Agreement was reached on an increased aggregate revenue support grant. Provision of £54 million—slightly more than the original estimate of £47 million—was made for the cost of the proposals. I understand that the Department estimates that the additional requirements under the Bill will cost about £50 million. The basis of those calculations will have to be carefully considered during the Bill's passage through Parliament.

The principal difference resulting from the reduction in the qualifying age for men is that many of the recipients will be in full-time employment; their transportation usage is likely to be greater than that of a retired person. I note that, in another place, assurances of full consultation were given by the Government; I hope that they will be honoured.

Mr. Spellar

indicated assent.

Mr. Pickles

The right hon. Gentleman is nodding, which is reassuring.

Making estimates, both nationally and locally, of the consequences of the Bill is difficult, as operators have not produced a body of evidence for revenue that will be forgone by current public transport users in that economically active category. I am not entirely sure—I am not pushing this aggressively—that we are on tried and tested ground.

Mr. Spellar

In a similarly co-operative way, may I help the hon. Gentleman? Of course, he will be aware that concessionary fare schemes start at 9.30 am. Therefore, allowing for the fact that some people work shifts, a considerable number of those in work would not be able to use their pass because the rush hour is already excluded. We believe that that will tend to minimise the additional costs, but I recognise that there may be an issue, on which we shall consult.

Mr. Pickles

That is fair and reasonable but, by way of an attempted rebuttal, the situation will be continuing for a period of years. The Government are actively encouraging flexi-working and public transport companies are actively offering inducements to take up spare capacity outside peak hours. I therefore hope that the Minister will forgive me for saying that I am not entirely sure that we are using tried and tested methods.

The LGA said: the imposition of this specific new, burden with its widely varying local consequences requires an innovative look at whether there can be transitional measures to ease the particular problems which some authorities may face. That is reasonable. After all, this is the second large review that transport authorities have had to undertake within a relatively short period. We do not know how concessions will be bedded in. Ministers involved with the Transport Act 2000 talked about the way in which the measures would be bedded in. It will be several years before concessions are on-stream. It would be a mistake to embark on a fundamental review of the formula, but we should look most carefully at the transitional arrangements.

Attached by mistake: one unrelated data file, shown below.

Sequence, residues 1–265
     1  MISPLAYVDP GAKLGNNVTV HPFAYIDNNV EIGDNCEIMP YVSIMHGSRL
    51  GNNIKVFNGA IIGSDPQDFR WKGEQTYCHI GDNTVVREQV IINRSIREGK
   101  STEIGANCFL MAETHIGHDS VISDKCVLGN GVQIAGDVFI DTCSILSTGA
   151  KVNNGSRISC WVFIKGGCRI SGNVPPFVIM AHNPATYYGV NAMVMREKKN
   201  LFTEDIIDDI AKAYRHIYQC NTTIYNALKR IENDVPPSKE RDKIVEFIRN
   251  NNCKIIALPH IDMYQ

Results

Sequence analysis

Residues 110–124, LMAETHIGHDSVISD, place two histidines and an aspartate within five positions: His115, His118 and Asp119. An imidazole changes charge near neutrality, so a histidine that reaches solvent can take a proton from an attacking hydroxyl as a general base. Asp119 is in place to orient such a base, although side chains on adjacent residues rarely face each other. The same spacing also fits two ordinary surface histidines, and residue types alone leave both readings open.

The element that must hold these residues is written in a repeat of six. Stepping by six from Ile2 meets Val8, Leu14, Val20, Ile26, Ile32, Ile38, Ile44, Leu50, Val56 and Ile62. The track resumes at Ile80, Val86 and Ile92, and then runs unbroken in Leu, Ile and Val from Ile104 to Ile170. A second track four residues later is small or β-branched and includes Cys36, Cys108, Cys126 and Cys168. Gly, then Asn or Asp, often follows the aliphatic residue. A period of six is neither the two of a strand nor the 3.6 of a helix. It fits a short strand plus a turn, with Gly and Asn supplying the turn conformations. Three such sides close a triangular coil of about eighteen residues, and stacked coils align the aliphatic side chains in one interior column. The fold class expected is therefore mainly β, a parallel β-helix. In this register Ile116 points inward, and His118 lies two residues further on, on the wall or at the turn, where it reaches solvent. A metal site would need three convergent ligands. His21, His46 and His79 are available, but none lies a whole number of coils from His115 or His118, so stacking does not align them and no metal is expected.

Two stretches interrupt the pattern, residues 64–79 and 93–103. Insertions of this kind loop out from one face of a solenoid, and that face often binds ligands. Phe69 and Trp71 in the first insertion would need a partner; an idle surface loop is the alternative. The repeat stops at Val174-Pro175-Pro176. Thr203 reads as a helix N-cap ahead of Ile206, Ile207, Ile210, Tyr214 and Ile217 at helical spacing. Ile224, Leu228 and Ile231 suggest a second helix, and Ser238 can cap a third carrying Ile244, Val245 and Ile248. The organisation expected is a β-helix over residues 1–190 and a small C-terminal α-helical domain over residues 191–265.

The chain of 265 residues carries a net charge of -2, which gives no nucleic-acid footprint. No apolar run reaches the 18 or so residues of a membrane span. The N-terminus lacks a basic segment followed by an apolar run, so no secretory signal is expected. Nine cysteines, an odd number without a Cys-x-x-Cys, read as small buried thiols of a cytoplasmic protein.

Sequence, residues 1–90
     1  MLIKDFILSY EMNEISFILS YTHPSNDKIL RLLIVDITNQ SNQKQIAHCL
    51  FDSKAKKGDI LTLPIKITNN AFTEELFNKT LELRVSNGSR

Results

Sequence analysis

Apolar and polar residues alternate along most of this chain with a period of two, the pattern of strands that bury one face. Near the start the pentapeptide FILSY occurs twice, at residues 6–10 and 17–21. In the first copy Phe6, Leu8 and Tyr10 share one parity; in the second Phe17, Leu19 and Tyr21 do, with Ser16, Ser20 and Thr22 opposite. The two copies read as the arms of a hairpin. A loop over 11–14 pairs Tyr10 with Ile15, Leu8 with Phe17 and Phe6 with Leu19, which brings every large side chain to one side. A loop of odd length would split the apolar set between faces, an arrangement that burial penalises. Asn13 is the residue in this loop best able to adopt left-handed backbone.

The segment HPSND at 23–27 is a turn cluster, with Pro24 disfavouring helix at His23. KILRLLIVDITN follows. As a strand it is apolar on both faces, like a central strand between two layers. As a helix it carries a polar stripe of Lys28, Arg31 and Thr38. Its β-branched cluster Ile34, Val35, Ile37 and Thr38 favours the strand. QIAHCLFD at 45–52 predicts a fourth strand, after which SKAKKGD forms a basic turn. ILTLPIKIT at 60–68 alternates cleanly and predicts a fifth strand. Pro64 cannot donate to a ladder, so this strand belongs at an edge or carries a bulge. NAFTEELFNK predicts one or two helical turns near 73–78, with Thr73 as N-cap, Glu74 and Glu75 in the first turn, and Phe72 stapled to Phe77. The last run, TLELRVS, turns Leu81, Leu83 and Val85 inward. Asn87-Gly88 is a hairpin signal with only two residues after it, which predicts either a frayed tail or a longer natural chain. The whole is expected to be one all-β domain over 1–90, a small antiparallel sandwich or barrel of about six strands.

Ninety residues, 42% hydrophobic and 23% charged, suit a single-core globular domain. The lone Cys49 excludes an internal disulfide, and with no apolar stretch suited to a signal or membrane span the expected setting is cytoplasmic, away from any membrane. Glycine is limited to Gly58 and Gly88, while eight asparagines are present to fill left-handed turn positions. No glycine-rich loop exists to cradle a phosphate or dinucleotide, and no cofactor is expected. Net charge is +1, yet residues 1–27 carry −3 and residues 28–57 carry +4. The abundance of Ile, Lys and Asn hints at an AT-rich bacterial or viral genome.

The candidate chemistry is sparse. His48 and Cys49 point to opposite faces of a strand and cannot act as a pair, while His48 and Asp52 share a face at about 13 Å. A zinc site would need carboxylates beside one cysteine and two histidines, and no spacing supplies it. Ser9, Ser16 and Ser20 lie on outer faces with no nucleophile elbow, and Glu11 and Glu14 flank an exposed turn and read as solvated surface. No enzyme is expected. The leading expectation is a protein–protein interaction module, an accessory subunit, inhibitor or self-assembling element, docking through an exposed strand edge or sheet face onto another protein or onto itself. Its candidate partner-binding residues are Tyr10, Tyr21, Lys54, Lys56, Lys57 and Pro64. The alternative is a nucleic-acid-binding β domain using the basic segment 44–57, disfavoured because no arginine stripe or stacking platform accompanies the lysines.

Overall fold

For example, £15 million was allocated to the London boroughs to cover the cost of equalisation for the freedom pass. Because of the way in which the grant system and the mechanism works, they received only £11 million, leaving the council taxpayer to fill the hole. There was a time when I could recite the formula for the allocation but, I am pleased to tell the House, I have forgotten it and have no desire to learn it again. Nevertheless, it illustrates the point that these things are complicated; we can come up with a simple intention with which we all agree, but find ourselves leaving local authorities materially worse off.

We have already heard from the hon. Member for Walsall, North, the Minister's friend and neighbour from the west midlands, who expressed worries similar to those of the Royal National Institute for the Blind. In a briefing document prepared for our debate, it says that there are concerns that need to be carefully considered as the Bill proceeds if there are not to be further cuts in the provision of concessionary fares for blind and partially sighted people and other disabled groups.

The Minister conceded that some earlier discretionary schemes are much better than existing schemes. The failure to match funding and reality has already created problems in a number of authorities. The Local Government Association has identified about 20 local authorities that have made amendments to existing alternative schemes which might be taken as reductions. The hon. Member for Walsall, North referred to the West Midlands passenger transport authority. Many authorities have removed a previous 100 per cent. concession for all modes of transport and replaced it with the choice- of a free bus pass allowing half-price travel on buses, or the option of paying for a pass giving bigger reductions.